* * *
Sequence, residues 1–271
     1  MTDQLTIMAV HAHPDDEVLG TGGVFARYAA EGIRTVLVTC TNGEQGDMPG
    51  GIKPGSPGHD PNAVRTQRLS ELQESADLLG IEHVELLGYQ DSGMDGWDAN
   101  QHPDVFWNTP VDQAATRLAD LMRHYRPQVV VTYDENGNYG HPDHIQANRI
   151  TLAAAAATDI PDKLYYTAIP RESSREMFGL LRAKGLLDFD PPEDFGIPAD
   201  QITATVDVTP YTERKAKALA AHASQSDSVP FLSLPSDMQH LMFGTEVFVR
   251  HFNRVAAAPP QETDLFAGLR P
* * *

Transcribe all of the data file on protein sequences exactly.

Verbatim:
Sequence, residues 1–271
     1  MTDQLTIMAV HAHPDDEVLG TGGVFARYAA EGIRTVLVTC TNGEQGDMPG
    51  GIKPGSPGHD PNAVRTQRLS ELQESADLLG IEHVELLGYQ DSGMDGWDAN
   101  QHPDVFWNTP VDQAATRLAD LMRHYRPQVV VTYDENGNYG HPDHIQANRI
   151  TLAAAAATDI PDKLYYTAIP RESSREMFGL LRAKGLLDFD PPEDFGIPAD
   201  QITATVDVTP YTERKAKALA AHASQSDSVP FLSLPSDMQH LMFGTEVFVR
   251  HFNRVAAAPP QETDLFAGLR P